Mark Moore takes us through Original Soundtrack, track by track.
"I'm really proud of this album but I can hear all the mistakes in it [laughs]. At the beginning of Overture it goes, 'Enjoy this trip. Enjoy this trip,' and, 'Countdown is progressing,' then there's a clipping sound on it. Not a lot of people have noticed that.
"We were doing Overture for the beginning of the album, me and Mark McGuire, and we were adding all these whooshy noises and stuff. We didn't notice the clipping sound. We literally just finished the session and everything had been sent off and that clip was stuck in there [laughs]. It was too late to change it and it's been there ever since. I was doing some fashion show music for Henry Holland recently, and I started off with Overture, and it was so simple to correct that mistake. It only took a few seconds to get rid of it [laughs]."
Theme From S'Express
"We sampled an aerosol can for the hi-hat. We were just playing around. We weren't thinking about hit singles at the time. I started thinking about all these House records I had that had that strong 'tisk-tisk-tisk' sound running through them and thought I could recreate that with hairspray. I remember Pascal Gabriel set up the mic, then I sprayed it all over it. It made this godawful noise and mess, and Pascal said, 'Maybe you should point it away from the microphone?'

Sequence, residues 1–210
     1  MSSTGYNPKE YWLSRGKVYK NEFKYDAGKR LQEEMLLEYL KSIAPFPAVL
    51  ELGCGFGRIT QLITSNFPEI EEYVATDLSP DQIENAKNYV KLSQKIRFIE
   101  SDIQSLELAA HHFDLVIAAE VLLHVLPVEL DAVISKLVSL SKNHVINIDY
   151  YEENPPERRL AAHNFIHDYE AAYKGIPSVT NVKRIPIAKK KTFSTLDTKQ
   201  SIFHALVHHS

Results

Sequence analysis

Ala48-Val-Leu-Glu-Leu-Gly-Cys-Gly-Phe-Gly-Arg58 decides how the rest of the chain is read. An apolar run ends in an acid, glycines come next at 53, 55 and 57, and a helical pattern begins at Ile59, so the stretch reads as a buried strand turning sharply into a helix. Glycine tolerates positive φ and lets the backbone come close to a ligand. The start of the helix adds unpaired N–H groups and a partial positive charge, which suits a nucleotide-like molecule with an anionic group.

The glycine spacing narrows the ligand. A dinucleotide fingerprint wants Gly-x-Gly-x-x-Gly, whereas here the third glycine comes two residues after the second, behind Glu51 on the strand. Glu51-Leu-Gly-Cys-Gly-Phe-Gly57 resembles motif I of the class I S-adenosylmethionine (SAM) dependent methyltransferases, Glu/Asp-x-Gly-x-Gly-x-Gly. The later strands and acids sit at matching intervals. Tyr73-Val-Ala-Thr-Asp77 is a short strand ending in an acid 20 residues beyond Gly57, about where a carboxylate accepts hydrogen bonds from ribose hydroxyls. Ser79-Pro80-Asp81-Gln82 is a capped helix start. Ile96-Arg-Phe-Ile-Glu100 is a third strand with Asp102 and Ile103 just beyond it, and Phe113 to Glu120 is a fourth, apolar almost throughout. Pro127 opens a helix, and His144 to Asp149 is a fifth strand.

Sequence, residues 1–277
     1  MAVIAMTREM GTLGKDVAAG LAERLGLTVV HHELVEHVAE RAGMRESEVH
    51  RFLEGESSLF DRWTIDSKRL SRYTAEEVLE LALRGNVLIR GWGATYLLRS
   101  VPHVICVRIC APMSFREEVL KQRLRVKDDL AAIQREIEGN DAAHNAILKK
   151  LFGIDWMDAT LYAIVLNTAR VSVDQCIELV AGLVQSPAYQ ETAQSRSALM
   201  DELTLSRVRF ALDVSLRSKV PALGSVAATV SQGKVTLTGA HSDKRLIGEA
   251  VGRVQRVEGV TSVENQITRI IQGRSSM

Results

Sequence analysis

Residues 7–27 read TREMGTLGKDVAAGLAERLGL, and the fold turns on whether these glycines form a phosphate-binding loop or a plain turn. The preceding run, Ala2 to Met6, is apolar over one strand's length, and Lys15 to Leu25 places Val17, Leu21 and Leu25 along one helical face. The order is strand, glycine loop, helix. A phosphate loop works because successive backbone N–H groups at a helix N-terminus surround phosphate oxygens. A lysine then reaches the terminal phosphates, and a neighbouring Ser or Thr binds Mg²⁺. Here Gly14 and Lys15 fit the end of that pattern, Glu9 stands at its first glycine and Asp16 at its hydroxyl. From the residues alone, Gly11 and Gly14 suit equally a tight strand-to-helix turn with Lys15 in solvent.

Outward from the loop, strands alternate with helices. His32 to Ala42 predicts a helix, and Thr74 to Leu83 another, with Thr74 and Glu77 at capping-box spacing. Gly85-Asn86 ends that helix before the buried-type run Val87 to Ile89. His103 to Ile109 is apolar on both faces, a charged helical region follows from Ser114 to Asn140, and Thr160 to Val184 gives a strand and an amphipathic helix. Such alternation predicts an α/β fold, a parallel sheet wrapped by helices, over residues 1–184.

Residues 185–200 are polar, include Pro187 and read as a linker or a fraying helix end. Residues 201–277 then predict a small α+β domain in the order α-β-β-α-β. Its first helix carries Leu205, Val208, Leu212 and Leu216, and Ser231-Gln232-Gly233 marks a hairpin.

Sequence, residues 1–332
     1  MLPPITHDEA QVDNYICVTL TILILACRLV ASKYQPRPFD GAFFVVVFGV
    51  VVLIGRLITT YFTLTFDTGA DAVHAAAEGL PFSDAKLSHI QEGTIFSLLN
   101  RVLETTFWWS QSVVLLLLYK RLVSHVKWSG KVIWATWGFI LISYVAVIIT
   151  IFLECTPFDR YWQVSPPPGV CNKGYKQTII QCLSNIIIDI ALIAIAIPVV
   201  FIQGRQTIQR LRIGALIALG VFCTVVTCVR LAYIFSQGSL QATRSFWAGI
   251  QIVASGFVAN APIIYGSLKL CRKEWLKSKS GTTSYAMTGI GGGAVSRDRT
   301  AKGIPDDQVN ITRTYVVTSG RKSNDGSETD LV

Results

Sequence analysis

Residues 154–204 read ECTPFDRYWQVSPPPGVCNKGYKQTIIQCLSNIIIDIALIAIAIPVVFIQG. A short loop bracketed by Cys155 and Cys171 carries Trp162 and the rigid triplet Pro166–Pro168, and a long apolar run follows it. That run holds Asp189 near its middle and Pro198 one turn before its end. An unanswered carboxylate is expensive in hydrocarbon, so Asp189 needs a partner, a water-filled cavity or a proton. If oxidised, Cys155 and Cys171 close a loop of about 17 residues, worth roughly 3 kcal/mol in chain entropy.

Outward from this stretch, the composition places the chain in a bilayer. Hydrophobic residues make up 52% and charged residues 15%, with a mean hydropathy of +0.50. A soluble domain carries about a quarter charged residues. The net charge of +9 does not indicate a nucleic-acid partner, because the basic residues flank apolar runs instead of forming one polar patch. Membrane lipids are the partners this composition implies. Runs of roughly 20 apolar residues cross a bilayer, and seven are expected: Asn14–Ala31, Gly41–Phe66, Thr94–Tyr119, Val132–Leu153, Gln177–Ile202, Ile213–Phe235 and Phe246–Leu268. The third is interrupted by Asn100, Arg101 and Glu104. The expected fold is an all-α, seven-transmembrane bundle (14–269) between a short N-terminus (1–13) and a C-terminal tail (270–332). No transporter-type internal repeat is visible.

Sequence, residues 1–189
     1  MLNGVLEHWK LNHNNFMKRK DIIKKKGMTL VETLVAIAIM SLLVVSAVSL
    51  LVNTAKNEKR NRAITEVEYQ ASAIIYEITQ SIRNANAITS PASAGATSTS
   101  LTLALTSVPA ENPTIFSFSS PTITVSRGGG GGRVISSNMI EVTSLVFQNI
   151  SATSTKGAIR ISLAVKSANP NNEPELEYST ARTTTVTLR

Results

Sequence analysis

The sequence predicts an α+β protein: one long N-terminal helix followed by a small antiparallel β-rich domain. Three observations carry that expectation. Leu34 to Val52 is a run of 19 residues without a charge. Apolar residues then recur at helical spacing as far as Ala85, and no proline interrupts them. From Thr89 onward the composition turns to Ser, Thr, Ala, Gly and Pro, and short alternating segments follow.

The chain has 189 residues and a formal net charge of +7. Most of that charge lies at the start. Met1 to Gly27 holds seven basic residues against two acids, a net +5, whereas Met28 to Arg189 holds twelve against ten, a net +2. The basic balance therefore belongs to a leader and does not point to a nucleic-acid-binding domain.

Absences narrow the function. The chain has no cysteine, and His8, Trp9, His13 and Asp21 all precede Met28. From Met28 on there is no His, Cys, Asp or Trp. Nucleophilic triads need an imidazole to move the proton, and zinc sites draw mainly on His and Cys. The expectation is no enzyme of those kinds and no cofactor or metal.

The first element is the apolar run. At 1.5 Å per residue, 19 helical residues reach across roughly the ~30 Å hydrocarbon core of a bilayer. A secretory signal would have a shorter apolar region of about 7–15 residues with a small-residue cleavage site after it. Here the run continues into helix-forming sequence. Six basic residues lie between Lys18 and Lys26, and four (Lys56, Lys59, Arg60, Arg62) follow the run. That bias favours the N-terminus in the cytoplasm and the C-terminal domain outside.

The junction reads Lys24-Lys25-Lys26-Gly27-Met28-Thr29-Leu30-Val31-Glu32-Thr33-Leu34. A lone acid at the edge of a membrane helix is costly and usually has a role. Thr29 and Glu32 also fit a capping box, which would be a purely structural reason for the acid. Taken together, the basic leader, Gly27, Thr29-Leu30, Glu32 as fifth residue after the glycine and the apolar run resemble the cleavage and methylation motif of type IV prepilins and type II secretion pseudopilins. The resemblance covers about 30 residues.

"'Drop that ghettoblaster' comes from a record from the performance artist Karen Finley. I'd seen her live. She used to put yams up her private parts while ranting poetry lyrics.
"Our single did really well. It went to number one in the UK and a few other places, too. It was really annoying. The idea was to be this cult band for about five years, then suddenly sell out and go commercial. We kinda messed it all up [laughs]."
L'Age Du Gateau